Spa for Health

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Photo courtesy of Rockliffe Hall Hotel, Golf & Spa, Co Durham

Aside from the social and relaxation aspects of spa that aid emotional wellbeing, spa treatments can also have real physical and mental health benefits. Massage therapy is referenced right back to ancient records of the Chinese, Japanese, Arabic, Egyptian, Indian, Greek, and Roman nations. It has been suggested that massage may have local effects on muscles and soft tissues and may reduce inflammation, stimulate oxygenation of tissues, soften or stretch scar tissue, break up adhesions, reduce build-up of lactic acid in muscles, induce muscle fibre relaxation, and stimulate healing of connective tissues or damaged muscles.

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Several human trials have assessed the effects of massage in patients with anxiety, including those with cancer or chronic illnesses. While additional research is necessary in order to form a scientifically based recommendation, massage has been used to treat nausea, anxiety, and depression in patients with breast cancer undergoing chemotherapy. 

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Photo courtesy of Rockliffe Hall Hotel, Golf & Spa, Co Durham

Studies have also shown that hot whirl pools and hydrotherapy, can improve the duration and severity of lower back pain in combination with standard therapy and multiple published studies based on therapy given at Dead Sea Spa sites in Israel report benefits in pain, range of motion, or muscle strength for the treatment of symptoms related to rheumatoid arthritis and osteoarthritis.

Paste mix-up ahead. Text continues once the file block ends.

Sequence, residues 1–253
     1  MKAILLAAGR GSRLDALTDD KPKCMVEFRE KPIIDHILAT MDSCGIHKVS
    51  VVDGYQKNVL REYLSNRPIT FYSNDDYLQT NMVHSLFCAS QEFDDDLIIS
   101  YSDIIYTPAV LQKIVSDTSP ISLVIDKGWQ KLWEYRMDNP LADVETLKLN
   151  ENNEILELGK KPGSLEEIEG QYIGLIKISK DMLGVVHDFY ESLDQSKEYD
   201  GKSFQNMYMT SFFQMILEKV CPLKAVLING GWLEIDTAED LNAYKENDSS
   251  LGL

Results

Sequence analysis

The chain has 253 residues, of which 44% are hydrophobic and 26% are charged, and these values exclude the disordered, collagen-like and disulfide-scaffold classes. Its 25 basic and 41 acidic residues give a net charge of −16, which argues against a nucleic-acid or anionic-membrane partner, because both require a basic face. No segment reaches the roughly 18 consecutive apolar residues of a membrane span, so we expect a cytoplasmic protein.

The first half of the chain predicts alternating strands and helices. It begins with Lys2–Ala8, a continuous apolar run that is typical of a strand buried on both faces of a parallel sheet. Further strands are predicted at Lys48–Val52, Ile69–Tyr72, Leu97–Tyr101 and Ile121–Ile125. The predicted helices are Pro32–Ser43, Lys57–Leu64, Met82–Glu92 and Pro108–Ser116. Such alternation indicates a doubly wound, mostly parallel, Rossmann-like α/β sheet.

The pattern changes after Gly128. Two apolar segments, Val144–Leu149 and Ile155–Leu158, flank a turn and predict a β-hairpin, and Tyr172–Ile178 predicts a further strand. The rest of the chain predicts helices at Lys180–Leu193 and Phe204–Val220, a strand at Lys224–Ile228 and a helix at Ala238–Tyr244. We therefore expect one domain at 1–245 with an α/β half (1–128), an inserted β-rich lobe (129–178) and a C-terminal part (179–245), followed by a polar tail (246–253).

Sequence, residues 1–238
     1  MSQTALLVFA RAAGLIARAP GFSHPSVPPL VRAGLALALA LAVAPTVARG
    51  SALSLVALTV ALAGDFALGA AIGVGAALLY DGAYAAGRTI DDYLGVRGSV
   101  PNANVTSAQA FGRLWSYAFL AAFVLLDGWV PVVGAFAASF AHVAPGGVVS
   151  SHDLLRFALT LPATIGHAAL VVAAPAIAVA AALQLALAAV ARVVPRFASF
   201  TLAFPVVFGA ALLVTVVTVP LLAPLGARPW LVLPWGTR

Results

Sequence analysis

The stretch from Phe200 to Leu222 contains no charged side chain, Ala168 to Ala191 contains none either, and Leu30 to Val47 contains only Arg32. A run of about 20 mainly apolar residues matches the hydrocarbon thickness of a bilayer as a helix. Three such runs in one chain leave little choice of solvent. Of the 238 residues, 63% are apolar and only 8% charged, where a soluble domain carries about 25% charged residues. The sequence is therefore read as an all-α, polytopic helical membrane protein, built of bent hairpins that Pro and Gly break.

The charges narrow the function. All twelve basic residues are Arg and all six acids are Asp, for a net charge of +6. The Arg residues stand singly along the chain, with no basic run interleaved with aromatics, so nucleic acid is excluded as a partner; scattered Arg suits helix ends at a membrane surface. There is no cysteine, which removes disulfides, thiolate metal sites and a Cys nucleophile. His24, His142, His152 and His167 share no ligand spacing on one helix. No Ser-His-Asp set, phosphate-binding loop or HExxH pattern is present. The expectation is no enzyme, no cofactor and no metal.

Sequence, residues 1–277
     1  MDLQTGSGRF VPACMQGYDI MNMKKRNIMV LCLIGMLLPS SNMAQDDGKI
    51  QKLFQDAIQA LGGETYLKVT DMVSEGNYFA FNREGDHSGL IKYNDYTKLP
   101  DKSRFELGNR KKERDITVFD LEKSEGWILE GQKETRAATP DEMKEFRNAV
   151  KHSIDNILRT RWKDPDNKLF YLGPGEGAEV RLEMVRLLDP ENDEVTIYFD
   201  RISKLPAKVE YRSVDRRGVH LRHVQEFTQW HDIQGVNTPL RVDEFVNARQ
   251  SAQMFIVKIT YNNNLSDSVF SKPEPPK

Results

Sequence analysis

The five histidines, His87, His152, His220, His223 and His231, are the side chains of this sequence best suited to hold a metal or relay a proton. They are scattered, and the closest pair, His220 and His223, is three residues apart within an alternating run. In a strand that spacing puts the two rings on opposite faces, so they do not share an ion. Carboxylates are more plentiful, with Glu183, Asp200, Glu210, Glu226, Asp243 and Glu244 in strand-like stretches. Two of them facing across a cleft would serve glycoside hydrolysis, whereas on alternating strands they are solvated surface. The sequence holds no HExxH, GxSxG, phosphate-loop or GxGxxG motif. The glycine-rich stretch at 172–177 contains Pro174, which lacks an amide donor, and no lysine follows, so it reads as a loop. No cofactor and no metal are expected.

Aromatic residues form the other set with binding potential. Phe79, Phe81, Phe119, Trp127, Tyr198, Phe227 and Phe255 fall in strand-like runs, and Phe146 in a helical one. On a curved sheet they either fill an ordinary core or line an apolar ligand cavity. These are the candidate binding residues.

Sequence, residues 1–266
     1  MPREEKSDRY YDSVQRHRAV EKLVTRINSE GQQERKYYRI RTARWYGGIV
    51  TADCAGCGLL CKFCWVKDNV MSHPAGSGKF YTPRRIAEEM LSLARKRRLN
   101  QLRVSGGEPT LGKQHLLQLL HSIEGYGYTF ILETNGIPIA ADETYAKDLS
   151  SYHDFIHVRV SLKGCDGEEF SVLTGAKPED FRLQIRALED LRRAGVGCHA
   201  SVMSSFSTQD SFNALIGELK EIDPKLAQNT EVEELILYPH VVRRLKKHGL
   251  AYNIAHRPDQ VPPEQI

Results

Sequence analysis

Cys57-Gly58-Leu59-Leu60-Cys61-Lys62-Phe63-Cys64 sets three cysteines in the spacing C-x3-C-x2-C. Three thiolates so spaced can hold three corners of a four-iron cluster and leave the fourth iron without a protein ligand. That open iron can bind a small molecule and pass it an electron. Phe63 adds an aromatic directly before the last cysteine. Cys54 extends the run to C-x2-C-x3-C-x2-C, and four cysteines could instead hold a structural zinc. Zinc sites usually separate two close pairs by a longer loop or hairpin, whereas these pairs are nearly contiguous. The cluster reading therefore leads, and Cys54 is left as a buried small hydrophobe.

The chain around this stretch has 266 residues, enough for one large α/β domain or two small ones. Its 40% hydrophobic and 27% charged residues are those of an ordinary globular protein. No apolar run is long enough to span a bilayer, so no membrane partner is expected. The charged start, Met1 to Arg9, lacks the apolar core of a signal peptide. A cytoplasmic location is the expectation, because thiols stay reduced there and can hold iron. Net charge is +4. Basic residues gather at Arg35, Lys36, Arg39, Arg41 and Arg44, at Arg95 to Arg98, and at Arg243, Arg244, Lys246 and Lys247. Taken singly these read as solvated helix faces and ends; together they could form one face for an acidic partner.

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Photo courtesy of Rockliffe Hall Hotel, Golf & Spa, Co Durham

References:

1. Buskila D, Abu-Shakra M, Neumann L, et al. Balneotherapy for fibromyalgia at the Dead Sea. Rheumatol Int 2001;20(3):105-108.
2. Constant F, Collin JF, Guillemin F, et al. Effectiveness of spa therapy in chronic low back pain: a randomized clinical trial. J Rheumatol 1995;22(7):1315-1320.
3. Constant F, Guillemin F, Collin JF, et al. Use of spa therapy to improve the quality of life of chronic low back pain patients. Med Care 1998;36(9):1309-1314.
4. Franke A, Reiner L, Pratzel HG, et al. Long-term efficacy of radon spa therapy in rheumatoid arthritis--a randomized, sham-controlled study and follow-up. Rheumatology (Oxford) 2000;39(8):894-902.
5. Wilkinson SM, Love SB, Westcombe AM, et al. Effectiveness of aromatherapy massage in the management of anxiety and depression in patients with cancer: a multicenter randomized controlled trial. J Clin Oncol 2007 Feb 10;25(5):532-9.
6. Aourell M, Skoog M, Carleson J. Effects of Swedish massage on blood pressure. Complement Ther Clin Pract 2005 Nov;11(4):242-6.
7. Billhult A, Bergbom I, Stener-Victorin E. Massage relieves nausea in women with breast cancer who are undergoing chemotherapy. J Altern Complement Med 2007 Jan-Feb;13(1):53-7.
8. Bost N, Wallis M. The effectiveness of a 15 minute weekly massage in reducing physical and psychological stress in nurses. Aust J Adv Nurs 2006 Jun-Aug;23(4):28-33.

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National Spa Week is a registered trademark of the The UK Spa Association, 2 Beverley Court, 26 Elmtree Road, Teddington, TW11 8ST
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